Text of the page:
Valley Crest Landscape v. Mission Pools – Swimming Pool Injury Lawsuit

Pool-related injuries and deaths are tragic events. Drowning, non-fatal submersion injuries, diving accidents and slip-fall injuries spike during the summer months in Florida. swimmingpool1

Aside from grappling with the enormity of an intense recovery or the immense grief of loss, people are often struck by the fact that it didn’t have to happen. That’s because these incidents are largely preventable.

Lack of barriers, lack of swimming ability, lack of supervision and poorly-designed and maintained swimming areas are often to blame.

It is possible for those injured in swimming pool accidents to recover damages, but the cases must be deftly handled by an experienced injury lawyer.

The recent case of Valley Crest Landscape v. Mission Pools reveals how complex these matters can turn out to be. This was a case out of California, recently heard by the California Court of Appeal, Fourth Appellate District, Division Three.

Plaintiff and his wife were guests at a resort in California that featured a swimming pool. It was September 2007. Plaintiff had been drinking, and it was undisputed he was intoxicated. He dove into the shallow end of one of the resort swimming pools. In so doing, he seriously injured his spine and was rendered a quadriplegic.

He subsequently filed a lawsuit against a number of entities, including the resort, the management company and the pool designer and manufacturer. An amended complaint alleged the pool did not provide any visible or effective and legible warnings or signs indicating depth on the pool deck or vertical walls of the pool or in the pool itself. The complaint alleged this failure was in conflict with the standard of reasonable care, a duty defendants owed to plaintiff. His wife too filed a claim for loss of consortium.

The following specific defects were noted:

  • Vertical tile depth markers were partially submerged, which made them illegible to guests
  • The top depth markers were faded
  • The “No Diving” warning was poorly contrasted
  • There was no fence between pools with varying depths, so users moving from one to the other didn’t see the “No Diving” sign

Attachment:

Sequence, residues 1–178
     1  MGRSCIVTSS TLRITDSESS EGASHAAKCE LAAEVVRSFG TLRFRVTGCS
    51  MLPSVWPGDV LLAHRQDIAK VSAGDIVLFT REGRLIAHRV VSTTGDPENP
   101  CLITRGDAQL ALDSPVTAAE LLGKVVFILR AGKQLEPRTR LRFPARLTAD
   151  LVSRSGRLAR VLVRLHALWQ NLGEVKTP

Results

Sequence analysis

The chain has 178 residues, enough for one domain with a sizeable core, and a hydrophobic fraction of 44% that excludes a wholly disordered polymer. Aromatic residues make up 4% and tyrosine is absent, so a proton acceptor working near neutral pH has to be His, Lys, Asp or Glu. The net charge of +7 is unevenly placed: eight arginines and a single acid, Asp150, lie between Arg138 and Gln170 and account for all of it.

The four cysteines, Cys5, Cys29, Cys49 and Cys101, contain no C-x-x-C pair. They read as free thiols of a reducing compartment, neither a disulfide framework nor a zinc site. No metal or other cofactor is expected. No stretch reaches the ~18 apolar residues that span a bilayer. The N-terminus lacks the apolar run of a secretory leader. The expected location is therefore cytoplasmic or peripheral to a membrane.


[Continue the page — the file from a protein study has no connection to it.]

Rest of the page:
• Hotel did not enforce the rule not to use pool after drinking alcohol
  • The use of a type of plaster that creates the appearance of greater depth

Ultimately, plaintiffs settled their claims with all the various defendants for approximately $5 million.

The ongoing case had to do with a cross-complaint by the general contractor of the pool-building project against the subcontractor that built the pool. General contractor sought to recover what it spent on litigation based on a claim of express indemnity under the terms of the subcontract. Meanwhile, the general contractor’s insurance company sought recovery of attorneys’ fees and costs based on its policy with the general contractor.

Trial court granted both of these requests, though an appeals court later reversed solely with respect to a denial of jury trial on subcontractor’s express indemnity.

This litigation went on for years, and although the plaintiff has already settled, other involved parties are still squabbling. That presents an idea of how complex these cases can be.

But given the serious and sometimes fatal outcomes of swimming pool accidents, it’s important for plaintiffs to seek advice from an experienced attorney.

If you have been injured in an accident, contact the Hollander Law Firm at 888-751-7777 for a free and confidential consultation. There is no fee unless we win.

Additional Resources:

Valley Crest Landscape v. Mission Pools , July 2, 2015, California Court of Appeal, Fourth Appellate District, Division Three

More Blog Entries:

Carrel v. Serco, Inc. – Lawsuit After Driver Runs Over Pedestrian’s Foot in Parking Lot, June 28, 2015, Naples Swimming Pool Injury Attorney